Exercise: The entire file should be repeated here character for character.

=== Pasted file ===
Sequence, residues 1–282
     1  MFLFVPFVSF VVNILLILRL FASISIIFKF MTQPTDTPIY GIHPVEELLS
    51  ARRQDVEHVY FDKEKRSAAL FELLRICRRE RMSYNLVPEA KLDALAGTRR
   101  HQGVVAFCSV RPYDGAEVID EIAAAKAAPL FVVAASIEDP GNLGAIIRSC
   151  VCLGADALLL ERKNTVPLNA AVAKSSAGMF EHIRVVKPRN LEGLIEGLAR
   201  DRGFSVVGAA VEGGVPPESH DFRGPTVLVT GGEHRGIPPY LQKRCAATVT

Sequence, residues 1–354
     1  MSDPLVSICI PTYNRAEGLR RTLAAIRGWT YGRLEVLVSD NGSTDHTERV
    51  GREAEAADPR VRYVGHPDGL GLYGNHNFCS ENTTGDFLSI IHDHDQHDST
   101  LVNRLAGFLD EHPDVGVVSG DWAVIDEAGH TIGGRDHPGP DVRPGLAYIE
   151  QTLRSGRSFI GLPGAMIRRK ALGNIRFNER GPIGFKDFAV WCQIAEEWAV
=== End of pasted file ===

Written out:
Sequence, residues 1–282
     1  MFLFVPFVSF VVNILLILRL FASISIIFKF MTQPTDTPIY GIHPVEELLS
    51  ARRQDVEHVY FDKEKRSAAL FELLRICRRE RMSYNLVPEA KLDALAGTRR
   101  HQGVVAFCSV RPYDGAEVID EIAAAKAAPL FVVAASIEDP GNLGAIIRSC
   151  VCLGADALLL ERKNTVPLNA AVAKSSAGMF EHIRVVKPRN LEGLIEGLAR
   201  DRGFSVVGAA VEGGVPPESH DFRGPTVLVT GGEHRGIPPY LQKRCAATVT

Sequence, residues 1–354
     1  MSDPLVSICI PTYNRAEGLR RTLAAIRGWT YGRLEVLVSD NGSTDHTERV
    51  GREAEAADPR VRYVGHPDGL GLYGNHNFCS ENTTGDFLSI IHDHDQHDST
   101  LVNRLAGFLD EHPDVGVVSG DWAVIDEAGH TIGGRDHPGP DVRPGLAYIE
   151  QTLRSGRSFI GLPGAMIRRK ALGNIRFNER GPIGFKDFAV WCQIAEEWAV